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Client wise Sales Commission Calculation (Tiered, Variable and Fixed - All in One)


New Member
Hi all,
Hope you are doing great. I am facing a seemingly easy yet frustrating challenge.

I have a client wise multiple commission approaches i.e. Fixed, Variable, Tiered. (Mentioned as commission types)

Fixed is flat fee yearly.
Variable is sales * variable percentage (simple)
Tier wise is where if sales cross x amount then a%, if sales crossed y amount then b%, and so on.

The ultimate formula should capture Client, its type (Tiered or Variable or fixed) and if Tiered then identify in which percentage bracket it falls into as well as if there is a fixed charge for each client then add that to the final amount.

Here are the tables.

Client wise Commission Types and figures
ATiered 1,20,000 €3% - €
ATiered 3,20,000 €6% - €
ATiered 5,50,000 €9% - €
ATiered 7,00,000 €11% - €
BFixed0% 7,000 €
BVariable4% - €
CTiered 1,50,000 €2% - €
CTiered 3,00,000 €6% - €
CTiered 6,50,000 €10% - €
DVariable5% - €
EFixed0% 1,500 €
EVariable6% - €
FVariable7% - €

Sales Figures, client wise
A 9,50,153
B 22,819
C 3,44,691
D 38,47,062
E 5,02,638
F 1,42,942

E.g. Commission of Client B's Sales =4% of 22,819 + 7000 Euros
Commission of Client A' Sales = 11% of 9,50,153 (>700000 Tier)
Commission of Client E's Sales = 6% (Variable) of 5,02,638 + 1500 Euros (Fixed)

I have done nested IFs with hard-coded numbers while calculating fixed commission separately in a different column and achieved the numbers. But, it is not a long-term solution as clients and their types may get added over a period of time. Changing hard-coded formula every single time is not very Excel-ish. :(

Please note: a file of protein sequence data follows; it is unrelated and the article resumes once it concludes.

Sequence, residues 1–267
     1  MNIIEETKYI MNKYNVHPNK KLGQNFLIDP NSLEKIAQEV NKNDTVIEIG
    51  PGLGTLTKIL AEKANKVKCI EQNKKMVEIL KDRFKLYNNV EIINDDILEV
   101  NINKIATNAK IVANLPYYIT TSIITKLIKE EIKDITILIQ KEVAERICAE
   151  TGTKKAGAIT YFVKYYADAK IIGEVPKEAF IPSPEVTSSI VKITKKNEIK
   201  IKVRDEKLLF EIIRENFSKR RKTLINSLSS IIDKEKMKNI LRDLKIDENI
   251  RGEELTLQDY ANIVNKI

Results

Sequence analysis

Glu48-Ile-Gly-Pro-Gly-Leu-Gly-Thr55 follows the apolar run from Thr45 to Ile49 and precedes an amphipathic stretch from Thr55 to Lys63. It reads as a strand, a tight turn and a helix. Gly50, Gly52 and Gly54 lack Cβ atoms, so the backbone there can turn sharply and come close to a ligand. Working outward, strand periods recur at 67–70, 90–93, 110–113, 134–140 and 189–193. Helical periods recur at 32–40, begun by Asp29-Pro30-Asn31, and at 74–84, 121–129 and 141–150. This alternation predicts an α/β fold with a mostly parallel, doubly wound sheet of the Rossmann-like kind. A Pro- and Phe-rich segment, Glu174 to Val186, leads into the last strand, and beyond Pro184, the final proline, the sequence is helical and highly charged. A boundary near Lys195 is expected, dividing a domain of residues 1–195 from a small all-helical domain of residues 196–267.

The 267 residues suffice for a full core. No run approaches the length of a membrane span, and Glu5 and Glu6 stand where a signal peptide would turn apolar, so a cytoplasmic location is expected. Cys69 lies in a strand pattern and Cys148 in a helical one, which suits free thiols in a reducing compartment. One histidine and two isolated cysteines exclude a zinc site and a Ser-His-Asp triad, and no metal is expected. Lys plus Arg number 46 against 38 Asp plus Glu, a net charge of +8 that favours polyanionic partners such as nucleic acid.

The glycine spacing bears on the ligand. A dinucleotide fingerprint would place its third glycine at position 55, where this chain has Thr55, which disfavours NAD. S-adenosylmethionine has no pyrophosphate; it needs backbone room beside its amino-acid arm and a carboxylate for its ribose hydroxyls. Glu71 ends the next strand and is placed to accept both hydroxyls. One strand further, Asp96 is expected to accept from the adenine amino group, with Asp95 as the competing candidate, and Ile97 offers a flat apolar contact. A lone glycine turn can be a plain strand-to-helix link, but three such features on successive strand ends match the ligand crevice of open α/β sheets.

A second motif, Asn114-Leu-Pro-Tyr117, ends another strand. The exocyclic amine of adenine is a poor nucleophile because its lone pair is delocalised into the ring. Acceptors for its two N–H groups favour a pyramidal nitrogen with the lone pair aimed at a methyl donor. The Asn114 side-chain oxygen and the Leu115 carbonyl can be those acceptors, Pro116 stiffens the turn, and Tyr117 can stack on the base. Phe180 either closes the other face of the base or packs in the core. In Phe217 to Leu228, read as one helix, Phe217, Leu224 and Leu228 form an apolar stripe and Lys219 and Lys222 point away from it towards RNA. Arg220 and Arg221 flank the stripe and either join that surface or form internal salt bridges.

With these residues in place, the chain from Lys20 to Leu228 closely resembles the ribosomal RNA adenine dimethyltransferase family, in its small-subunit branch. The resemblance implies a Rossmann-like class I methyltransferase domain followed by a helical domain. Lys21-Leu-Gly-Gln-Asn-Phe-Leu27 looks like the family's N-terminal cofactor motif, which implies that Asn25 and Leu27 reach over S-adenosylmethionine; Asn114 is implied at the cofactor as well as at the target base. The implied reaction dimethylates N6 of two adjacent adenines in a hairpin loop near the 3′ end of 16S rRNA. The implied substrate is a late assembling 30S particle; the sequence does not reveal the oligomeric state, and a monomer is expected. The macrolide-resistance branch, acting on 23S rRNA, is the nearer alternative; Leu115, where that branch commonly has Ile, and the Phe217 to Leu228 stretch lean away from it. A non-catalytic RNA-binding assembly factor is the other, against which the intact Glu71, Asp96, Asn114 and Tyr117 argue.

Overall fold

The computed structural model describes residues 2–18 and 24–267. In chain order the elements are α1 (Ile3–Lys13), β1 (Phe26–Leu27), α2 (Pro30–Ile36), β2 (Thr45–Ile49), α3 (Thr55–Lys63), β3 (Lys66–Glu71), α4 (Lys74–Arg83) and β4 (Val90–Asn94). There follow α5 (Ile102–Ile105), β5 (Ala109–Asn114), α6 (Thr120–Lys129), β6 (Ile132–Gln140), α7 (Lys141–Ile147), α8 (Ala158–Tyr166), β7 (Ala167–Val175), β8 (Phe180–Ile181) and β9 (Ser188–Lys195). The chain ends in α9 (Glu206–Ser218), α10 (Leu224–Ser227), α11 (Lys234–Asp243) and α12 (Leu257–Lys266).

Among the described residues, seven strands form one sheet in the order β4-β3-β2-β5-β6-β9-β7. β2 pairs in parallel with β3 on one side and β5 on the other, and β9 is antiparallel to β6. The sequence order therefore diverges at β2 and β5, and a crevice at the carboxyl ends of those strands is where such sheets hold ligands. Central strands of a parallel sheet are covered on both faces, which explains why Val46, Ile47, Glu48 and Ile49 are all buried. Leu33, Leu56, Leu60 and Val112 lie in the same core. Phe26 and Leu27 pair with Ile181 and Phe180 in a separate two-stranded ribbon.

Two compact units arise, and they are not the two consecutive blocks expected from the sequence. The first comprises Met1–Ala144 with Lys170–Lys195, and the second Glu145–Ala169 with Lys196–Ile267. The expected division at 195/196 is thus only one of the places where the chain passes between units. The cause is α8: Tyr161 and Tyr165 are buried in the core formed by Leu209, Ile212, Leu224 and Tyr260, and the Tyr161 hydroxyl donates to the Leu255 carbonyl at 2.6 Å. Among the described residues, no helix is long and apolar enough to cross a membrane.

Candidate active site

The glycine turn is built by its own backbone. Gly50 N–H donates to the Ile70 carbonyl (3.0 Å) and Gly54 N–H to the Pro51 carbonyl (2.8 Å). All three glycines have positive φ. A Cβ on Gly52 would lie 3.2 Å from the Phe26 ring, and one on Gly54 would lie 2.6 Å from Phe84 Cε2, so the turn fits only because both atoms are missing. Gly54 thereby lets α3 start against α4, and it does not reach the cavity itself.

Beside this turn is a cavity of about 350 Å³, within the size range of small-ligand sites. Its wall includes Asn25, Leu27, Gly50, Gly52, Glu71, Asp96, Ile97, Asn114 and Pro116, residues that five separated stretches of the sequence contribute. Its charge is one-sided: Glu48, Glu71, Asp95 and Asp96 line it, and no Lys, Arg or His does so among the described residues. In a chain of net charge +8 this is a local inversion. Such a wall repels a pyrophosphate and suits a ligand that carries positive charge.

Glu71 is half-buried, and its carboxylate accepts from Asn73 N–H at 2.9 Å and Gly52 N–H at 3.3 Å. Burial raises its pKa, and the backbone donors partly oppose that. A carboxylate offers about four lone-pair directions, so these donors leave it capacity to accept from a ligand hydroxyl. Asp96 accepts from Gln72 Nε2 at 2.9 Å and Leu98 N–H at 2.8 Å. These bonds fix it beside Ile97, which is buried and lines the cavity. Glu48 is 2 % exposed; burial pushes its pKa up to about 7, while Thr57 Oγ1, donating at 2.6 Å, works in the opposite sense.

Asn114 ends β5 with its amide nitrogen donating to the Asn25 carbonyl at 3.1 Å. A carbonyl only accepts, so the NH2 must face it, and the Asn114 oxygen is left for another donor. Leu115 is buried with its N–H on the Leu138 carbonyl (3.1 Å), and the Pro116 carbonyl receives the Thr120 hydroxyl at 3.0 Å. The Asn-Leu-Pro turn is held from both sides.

Looking forward to any kind of help on this one. File is attached. :)




New Member
Dear Luke,
Your solution is simply elegant! Thank you a million!!
Take a bow, Excel Ninja! :)

Also, I am just wondering if such can be applied even more complex scenarios - lets say another dimension gets added - would it be possible to put that into the same formula?


Luke M

Excel Ninja
Staff member
would it be possible to put that into the same formula?
Like many things in Excel...."possibly". ;)

If it's a different tier or a new customer, that can be very easily added to existing table and formula will handle it. If it's a completely new thing that's not a tier or fixed %, I'd have to know more about what the new thing is. But, if you can describe in human terms the logic behind the decision, then I'm 99% sure you can build it in XL.


New Member
"Possibly" :p

I will try to explain.

As you know the table and its structure - Imagine there another column called "Product" gets added. So, now there Product wise Client wise Type wise % calculation. Here is a table.

Engine1ATiered 1,20,000 €3% - €
Engine1ATiered 3,20,000 €6% - €
Engine1ATiered 5,50,000 €9% - €
Engine1ATiered 7,00,000 €11% - €
Engine2ATiered 1,50,000 €4% - €
Engine2ATiered 3,75,000 €7% - €
Engine2ATiered 5,90,000 €10% - €
Engine2ATiered 7,23,000 €12% - €
Engine1CTiered 1,50,000 €2% - €
Engine1CTiered 3,00,000 €6% - €